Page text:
Social Security Keeps 22 Million Americans Out Of Poverty: A State-By-State Analysis

PDF of this report (5pp.)

By Paul N. Van de Water, Arloc Sherman, and Kathy Ruffing[1]

October 25, 2013

Social Security benefits play a vital role in reducing poverty.  Without Social Security, 22.2 million more Americans would be poor, according to the latest available Census data (for 2012).  Although most of those whom Social Security keeps out of poverty are elderly, nearly a third are under age 65, including 1 million children.  (See Table 1.)  Depending on their design, reductions in Social Security benefits could significantly increase poverty, particularly among the elderly.

Social Security Lifts 15 Million Elderly Americans Out of Poverty

Almost 90 percent of people aged 65 and older receive some of their family income from Social Security.[2]   Without Social Security benefits, 44.4 percent of elderly Americans would have incomes below the official poverty line, all else being equal; with Social Security benefits, only 9.1 percent do.  These benefits lift 15.3 million elderly Americans — including 9.0 million women — above the poverty line.

Social Security reduces elderly poverty dramatically in every state in the nation, as Figure 1 and Table 2 show.  Without Social Security, the poverty rate for those aged 65 and over would meet or exceed 40 percent in 39 states; with Social Security, it is less than 10 percent in the large majority of states.  Social Security lifts more than 1.2 million elderly people out of poverty in California and Florida, >nearly 900,000 in New York and Texas, almost 800,000 in Pennsylvania, and over half a million in Ohio, Illinois, Michigan, and North Carolina.

Table 1
Effect of Social Security on Poverty, 2012
Age Group Percent in Poverty Number Lifted Out Of Poverty By Social Security
Excluding Social Security Including Social Security
Children Under 18 23.2 21.8 1,021,000
Adults Ages 18-64 16.7 13.7 5,886,000
Elderly Age 65 And Over 44.4 9.1 15,281,000
Total, All Ages 22.1 15.0 22,188,000
Addendum:
Women Age 65 And Over 48.6 11.0 9,005,000
Source: Center on Budget and Policy Priorities based on data from the U.S. Census Bureau, Current Population Survey, March 2013.

 

Social Security Lifts 1 Million Children Out of Poverty

Social Security is important for children and their families as well as for the elderly.  About 6 million children under age 18 (8 percent of all U.S. children) lived in families that received income from Social Security in 2012, according to Census data.  This figure includes children who received their own benefits as dependents of retired, disabled, or deceased workers, as well as those who lived with parents or relatives who received Social Security.  In all, Social Security lifts 1 million children out of poverty.

Social Security records show that 3.3 million children under age 18 qualified for Social Security payments themselves in December 2012.  (See Table 3.)  Of these, 1.2 million were the survivor of a deceased worker.  Another 1.7 million received payments because their parent had a severe disability.  And 322,000 children under 18 received payments because their parent or guardian was retired.[3]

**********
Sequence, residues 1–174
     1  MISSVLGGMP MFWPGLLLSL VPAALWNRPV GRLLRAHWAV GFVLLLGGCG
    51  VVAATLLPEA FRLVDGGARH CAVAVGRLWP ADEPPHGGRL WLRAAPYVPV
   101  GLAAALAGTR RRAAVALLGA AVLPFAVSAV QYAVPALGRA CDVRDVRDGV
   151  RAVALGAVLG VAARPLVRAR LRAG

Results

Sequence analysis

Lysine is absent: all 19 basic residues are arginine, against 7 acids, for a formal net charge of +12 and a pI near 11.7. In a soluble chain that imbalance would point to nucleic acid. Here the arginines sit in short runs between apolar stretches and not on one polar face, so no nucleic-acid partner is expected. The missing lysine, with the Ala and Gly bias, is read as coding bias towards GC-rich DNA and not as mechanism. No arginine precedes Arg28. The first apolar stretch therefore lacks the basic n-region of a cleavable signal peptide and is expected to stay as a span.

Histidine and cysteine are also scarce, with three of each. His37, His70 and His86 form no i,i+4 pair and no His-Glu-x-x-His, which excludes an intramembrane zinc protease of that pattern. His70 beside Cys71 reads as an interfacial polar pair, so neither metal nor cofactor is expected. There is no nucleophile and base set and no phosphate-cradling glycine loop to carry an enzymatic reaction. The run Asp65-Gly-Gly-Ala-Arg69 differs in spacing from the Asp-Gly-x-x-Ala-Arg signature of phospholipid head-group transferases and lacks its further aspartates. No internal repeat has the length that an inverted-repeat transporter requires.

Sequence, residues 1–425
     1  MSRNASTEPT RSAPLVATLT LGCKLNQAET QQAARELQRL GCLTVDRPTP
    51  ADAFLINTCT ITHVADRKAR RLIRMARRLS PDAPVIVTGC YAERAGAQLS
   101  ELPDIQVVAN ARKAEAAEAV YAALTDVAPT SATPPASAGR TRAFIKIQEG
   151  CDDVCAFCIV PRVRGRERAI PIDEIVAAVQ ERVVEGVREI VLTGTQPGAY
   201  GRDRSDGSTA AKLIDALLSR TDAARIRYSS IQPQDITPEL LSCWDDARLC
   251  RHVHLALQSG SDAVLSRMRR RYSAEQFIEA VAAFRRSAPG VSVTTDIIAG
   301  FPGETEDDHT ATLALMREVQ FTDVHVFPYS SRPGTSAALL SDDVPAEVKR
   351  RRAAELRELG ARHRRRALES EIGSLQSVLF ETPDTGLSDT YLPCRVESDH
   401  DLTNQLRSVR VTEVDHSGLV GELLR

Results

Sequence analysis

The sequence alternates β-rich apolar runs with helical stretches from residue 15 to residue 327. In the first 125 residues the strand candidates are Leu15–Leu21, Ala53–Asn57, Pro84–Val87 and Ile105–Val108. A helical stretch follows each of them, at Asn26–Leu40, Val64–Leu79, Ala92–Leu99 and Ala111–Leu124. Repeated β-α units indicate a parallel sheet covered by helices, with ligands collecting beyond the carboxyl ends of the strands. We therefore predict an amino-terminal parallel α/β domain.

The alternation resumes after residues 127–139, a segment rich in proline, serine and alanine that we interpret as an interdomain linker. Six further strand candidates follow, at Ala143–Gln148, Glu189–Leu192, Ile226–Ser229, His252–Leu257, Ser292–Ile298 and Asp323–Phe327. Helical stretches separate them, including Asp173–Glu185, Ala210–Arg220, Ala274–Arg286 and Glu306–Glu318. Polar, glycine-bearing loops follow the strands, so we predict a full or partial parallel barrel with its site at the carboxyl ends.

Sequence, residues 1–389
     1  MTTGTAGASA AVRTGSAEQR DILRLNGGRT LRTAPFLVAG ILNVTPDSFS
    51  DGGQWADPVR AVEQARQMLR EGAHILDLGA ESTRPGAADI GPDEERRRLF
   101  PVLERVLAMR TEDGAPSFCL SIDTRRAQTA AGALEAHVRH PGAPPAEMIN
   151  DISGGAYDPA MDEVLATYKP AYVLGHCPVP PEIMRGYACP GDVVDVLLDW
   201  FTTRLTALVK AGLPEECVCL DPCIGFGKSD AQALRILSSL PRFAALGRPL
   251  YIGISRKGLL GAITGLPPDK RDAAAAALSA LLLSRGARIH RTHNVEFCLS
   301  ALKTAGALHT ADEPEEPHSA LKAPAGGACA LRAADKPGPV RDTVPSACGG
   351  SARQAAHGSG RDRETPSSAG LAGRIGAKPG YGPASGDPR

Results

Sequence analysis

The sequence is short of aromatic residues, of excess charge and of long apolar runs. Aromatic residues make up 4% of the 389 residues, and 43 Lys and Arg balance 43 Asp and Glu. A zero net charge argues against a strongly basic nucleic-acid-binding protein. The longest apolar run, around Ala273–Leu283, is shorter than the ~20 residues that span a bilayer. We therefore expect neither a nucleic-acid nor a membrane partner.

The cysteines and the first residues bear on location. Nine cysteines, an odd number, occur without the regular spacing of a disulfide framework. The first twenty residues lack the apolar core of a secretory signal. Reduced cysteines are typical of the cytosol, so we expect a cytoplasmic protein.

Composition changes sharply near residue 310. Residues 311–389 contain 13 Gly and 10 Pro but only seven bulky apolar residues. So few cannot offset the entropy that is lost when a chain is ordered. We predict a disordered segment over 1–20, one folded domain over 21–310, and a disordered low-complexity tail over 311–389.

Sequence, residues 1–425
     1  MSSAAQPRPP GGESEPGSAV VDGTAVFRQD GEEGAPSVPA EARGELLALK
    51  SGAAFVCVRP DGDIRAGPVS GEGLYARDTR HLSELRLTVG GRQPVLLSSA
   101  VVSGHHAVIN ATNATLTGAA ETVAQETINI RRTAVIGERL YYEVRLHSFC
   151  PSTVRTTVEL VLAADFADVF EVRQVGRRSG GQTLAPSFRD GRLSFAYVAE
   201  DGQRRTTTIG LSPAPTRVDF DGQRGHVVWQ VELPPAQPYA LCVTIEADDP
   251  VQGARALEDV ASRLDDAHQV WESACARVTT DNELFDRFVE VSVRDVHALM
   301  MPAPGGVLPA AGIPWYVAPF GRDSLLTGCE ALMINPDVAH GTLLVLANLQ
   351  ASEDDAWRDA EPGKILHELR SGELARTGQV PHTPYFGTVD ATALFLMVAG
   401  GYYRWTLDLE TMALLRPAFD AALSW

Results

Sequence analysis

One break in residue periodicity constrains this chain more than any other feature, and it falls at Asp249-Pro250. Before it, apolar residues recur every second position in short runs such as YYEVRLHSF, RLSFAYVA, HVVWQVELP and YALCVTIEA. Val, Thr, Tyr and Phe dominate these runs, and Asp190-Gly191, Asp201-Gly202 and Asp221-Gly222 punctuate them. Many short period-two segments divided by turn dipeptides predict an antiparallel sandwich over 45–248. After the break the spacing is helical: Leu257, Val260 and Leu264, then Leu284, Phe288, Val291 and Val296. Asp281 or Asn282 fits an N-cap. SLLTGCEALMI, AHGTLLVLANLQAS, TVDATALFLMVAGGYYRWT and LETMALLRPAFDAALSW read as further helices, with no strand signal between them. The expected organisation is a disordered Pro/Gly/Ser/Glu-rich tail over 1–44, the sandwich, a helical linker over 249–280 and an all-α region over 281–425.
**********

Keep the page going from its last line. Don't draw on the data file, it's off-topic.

Technical Note

This analysis uses the Census Bureau’s official definition of poverty.  In determining poverty status, the Census Bureau compares a family’s cash income before taxes with poverty thresholds that vary by the size and age of the family.  The poverty thresholds in 2012 were $11,011 for an elderly individual, $13,878 for an elderly couple, and $23,492 for an average family of four.[4]   To calculate the anti-poverty effects of Social Security, we determined each family’s poverty status twice — first excluding and then including the family’s Social Security benefits.

Our analysis considers the non-institutionalized population using data from the Census Bureau’s Current Population Survey (CPS), the survey that is used to produce official poverty estimates.[5]   Each March the CPS collects information on personal income, health coverage, and other social and economic characteristics for the previous year.  The national estimates reported here are for 2012.  The state-by-state estimates are based on a three-year average (for 2010, 2011, and 2012) to improve their reliability.

One critic of estimates such as these argues that they “do nothing to answer the question of what would have happened if Social Security had not existed.”[6]   Indeed, this analysis does not take into account other changes that would occur in the absence of Social Security.  If Social Security did not exist, many elderly individuals likely would have saved somewhat more and worked somewhat longer, and many might live with their adult children rather than in their own households.  Other studies confirm, however, that Social Security has made a very large contribution to reducing poverty and that cutting Social Security benefits could substantially increase poverty among the elderly.[7]

Table 2
Effect of Social Security on Poverty Among the Elderly by State, 2010-2012
  Percent in Poverty Number Lifted Out of Poverty by Social Security
Excluding Social Security Including Social Security
Alabama  47.7 7.8 255,000
Alaska 35.1 9.2 16,000
Arizona 42.4 8.5 295,000